Stay with locals. One of my favorite things to do is to find an Airbnb or hostel run by locals and get their advice on where to go and what to eat. They will usually have secret spots that I could have never found without their insight.

3. What’s your favorite cultural habit you’ve picked up (ex. food dishes, lifestyle changes etc.)

One simple thing I do subconsciously now after living in Asia for four years, is taking my shoes off whenever I am inside a home. I remember in high school and college, I would wear boots inside all day long but now I feel so unsettled if I have my shoes on for more than a few minutes.

Another thing I have learned to appreciate is gift giving. It’s a simple way to show someone you care about them or respect them after taking a trip or visiting their home. Obviously this is done in the US too but I never truly saw its purpose until living in Asia.

4. What would you suggest for other women who are thinking about traveling?

Don’t over think things. Be open and flexible to what can happen. Make plans and be smart but also have an open mind so if/when things go wrong you can still have fun and enjoy yourself.

5. What’s one failure that you learned a lot from, when it comes to travel?

Always check times (especially if its military time). When I was leaving Vietnam last winter, I accidentally missed my flight completely by 12 hours because I thought my flight was in the afternoon when it was actually late at night. Luckily I could buy another flight for $100 but I now make sure to triple check all times.

6. What’s one fear that you overcame, while traveling?

Being alone. When I first moved to Vietnam in 2013, I preferred doing things with other people and felt a little bit intimidated going places alone. Over the years I was there, I learned to navigate going out alone and now I love going to coffee shops alone to read or work. My introverted side as defiantly become much more dominate as I have traveled and lived abroad.

Accepting help. As an American, I think it’s ingrained in me to want to do things without help from other people. Living in Vietnam and South Korea, there have been countless times when I have had to rely on my friends from those places to help me get simple things done like going to the doctor or fixing a flat tire on my motorbike.

7. What is your favorite way to travel (ex. plane, train, automobile?) and why?

Plane. There is always such an excitement I feel when taking a flight. I love the whole process and especially enjoy the meals (?! I know most people think they are gross.)

8. What is one piece of advice that you wish you could give your past self?

Money will come and go. So much of the time when traveling and living abroad, money can be a huge worry. I am still learning how to be smart about it but as an expat I think I have to expect times when money is tighter.

9. What is one place at the top of your bucket list that you’d like to visit?

Japan! I am hoping to take a trip to see the cherry blossoms there next spring.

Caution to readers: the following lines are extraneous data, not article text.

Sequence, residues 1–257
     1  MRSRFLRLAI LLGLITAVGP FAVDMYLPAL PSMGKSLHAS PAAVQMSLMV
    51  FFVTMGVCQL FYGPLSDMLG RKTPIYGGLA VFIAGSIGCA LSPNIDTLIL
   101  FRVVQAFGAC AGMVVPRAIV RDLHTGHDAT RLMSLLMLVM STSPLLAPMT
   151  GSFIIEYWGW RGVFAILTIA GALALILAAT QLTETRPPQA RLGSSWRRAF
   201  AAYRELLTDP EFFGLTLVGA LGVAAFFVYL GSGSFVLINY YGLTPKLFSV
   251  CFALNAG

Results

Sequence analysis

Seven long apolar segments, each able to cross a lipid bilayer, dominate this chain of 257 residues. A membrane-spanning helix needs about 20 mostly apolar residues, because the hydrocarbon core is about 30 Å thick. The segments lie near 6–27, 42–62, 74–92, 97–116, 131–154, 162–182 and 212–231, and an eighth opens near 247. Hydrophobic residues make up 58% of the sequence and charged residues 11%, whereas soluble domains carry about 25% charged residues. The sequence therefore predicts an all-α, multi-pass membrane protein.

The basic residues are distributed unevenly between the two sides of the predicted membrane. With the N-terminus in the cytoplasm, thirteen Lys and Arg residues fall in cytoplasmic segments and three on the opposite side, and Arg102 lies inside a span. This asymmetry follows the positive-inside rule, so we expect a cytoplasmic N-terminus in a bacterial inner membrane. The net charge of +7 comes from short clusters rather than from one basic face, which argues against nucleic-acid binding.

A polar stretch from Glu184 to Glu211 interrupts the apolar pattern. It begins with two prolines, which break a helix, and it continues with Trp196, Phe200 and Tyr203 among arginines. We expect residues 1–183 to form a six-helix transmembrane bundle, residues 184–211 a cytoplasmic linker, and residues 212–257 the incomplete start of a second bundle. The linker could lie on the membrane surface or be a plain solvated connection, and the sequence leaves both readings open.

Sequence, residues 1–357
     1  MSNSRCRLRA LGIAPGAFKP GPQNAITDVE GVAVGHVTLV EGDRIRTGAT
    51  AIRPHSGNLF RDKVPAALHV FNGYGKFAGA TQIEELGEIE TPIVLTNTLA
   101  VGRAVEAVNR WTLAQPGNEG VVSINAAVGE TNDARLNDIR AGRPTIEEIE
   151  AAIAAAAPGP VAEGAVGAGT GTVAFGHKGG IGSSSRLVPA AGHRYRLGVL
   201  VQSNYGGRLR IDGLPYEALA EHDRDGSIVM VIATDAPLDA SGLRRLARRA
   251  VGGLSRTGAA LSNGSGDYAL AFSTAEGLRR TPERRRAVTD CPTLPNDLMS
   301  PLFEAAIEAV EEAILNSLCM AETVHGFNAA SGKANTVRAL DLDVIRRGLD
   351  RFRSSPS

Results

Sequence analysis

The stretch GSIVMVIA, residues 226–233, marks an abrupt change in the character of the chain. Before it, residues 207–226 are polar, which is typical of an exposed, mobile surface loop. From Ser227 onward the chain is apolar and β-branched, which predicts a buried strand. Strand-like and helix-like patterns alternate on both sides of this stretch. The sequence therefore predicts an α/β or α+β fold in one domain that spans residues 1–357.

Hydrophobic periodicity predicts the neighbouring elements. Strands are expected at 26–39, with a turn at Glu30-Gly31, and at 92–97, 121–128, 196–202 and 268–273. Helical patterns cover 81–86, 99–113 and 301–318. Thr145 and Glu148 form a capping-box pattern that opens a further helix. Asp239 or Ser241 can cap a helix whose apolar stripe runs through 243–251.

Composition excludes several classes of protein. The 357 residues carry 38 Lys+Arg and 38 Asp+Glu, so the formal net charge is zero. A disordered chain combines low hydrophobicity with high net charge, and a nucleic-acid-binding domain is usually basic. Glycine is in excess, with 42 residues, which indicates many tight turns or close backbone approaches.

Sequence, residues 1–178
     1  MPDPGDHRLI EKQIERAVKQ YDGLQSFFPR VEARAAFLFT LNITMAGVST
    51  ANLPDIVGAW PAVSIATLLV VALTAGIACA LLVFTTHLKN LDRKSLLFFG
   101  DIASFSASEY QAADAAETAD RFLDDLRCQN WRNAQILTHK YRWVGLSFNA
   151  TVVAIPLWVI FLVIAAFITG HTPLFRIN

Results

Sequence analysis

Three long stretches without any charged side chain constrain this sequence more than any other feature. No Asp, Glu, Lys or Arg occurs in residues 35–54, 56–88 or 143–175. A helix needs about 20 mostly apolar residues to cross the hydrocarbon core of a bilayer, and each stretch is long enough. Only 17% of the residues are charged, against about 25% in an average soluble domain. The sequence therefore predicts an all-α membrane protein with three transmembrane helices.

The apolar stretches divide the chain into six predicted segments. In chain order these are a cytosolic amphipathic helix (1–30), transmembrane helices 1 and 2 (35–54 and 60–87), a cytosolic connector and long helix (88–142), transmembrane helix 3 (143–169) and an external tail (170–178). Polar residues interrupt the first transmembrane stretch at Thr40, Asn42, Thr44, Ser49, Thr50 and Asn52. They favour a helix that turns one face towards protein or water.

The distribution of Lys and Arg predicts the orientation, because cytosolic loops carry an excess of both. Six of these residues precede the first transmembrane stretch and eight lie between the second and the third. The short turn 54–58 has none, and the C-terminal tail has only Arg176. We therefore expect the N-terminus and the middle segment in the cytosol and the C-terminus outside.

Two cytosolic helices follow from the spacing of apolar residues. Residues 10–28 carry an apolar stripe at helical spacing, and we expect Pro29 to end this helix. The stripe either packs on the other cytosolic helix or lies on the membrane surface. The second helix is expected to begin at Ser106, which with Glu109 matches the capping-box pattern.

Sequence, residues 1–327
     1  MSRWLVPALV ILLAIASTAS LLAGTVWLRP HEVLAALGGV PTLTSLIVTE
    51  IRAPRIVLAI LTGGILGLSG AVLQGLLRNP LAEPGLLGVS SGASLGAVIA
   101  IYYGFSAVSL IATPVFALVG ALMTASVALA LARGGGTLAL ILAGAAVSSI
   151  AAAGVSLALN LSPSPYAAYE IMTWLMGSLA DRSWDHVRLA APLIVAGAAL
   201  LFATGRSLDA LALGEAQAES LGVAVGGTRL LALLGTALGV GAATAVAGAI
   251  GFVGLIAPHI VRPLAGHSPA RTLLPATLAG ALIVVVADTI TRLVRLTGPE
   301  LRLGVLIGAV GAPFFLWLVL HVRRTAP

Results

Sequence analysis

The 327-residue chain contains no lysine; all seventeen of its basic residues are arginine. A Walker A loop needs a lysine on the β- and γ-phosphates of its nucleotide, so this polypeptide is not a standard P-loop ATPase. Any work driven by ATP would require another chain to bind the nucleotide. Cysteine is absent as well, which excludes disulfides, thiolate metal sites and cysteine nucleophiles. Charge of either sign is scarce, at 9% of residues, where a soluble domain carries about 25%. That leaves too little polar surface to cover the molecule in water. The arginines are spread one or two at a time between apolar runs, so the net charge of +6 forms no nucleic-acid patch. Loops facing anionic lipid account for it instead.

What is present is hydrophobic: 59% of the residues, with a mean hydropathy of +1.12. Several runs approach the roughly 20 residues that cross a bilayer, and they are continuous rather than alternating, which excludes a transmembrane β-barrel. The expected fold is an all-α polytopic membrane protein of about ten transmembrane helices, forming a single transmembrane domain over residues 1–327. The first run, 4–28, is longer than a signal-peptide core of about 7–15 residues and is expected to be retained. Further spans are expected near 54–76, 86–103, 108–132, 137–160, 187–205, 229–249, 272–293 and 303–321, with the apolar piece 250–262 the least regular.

10. Let’s talk about your current adventure! What was your inspiration?

I was really curious about South Korean culture and learning the language. I had met lots of Koreans in Vietnam and decided it was time for a new challenge. Instead of wondering what life was like there, I wanted to experience it first hand.

11. What has been the best/toughest part?

One of the best parts is my job teaching English to kindergarteners and elementary students. I spend most of my work day with four and five year olds and they are so precious and curious. They make it fun to come to work!

I have also been loving all the food and places to discover here. There are so many tasty things to try and new coffee shops to go to! A tough thing is starting over and everything that comes with it – making new friends, learning a new language and new city.

12. What’s one thing you’ve learned?

Being uncomfortable is okay, especially when going through change.

I came to Seoul after living in Vietnam for three years. I loved my time in Da Nang and by the time I left last winter, I had a comfortable life with so many special friends and connections. I knew the city so well and everything was fairly easy and simple.

One of the main reasons I wanted to come to Seoul of all the cities in South Korea was because it scared me a little bit. It sounded so big and intimidating and I loved that idea. I wanted a new challenge of living in a highly developed city and learning a new language but what that meant didn’t fully sink in until I got here.

The last six months have been exciting and fun but also awkward and challenging. I have been able to study Korean with two amazing teachers and have also made friends and have a good job. But there have also been days where things aren’t perfect and feel uncomfortable.

13. What’s one thing you’ve learned about yourself from this trip?

I truly love to learn. I have always know this but over the last few years, it’s really hit me that I am a life long learner. In Vietnam, I was a part of a Christmas choir and also took a dance class. I had never done those things well but decided if I was interested I could do it.

14. Anything else you’d like to add?!

The experience of traveling and doing new things is always worth it, even if you have to budget or rearrange things!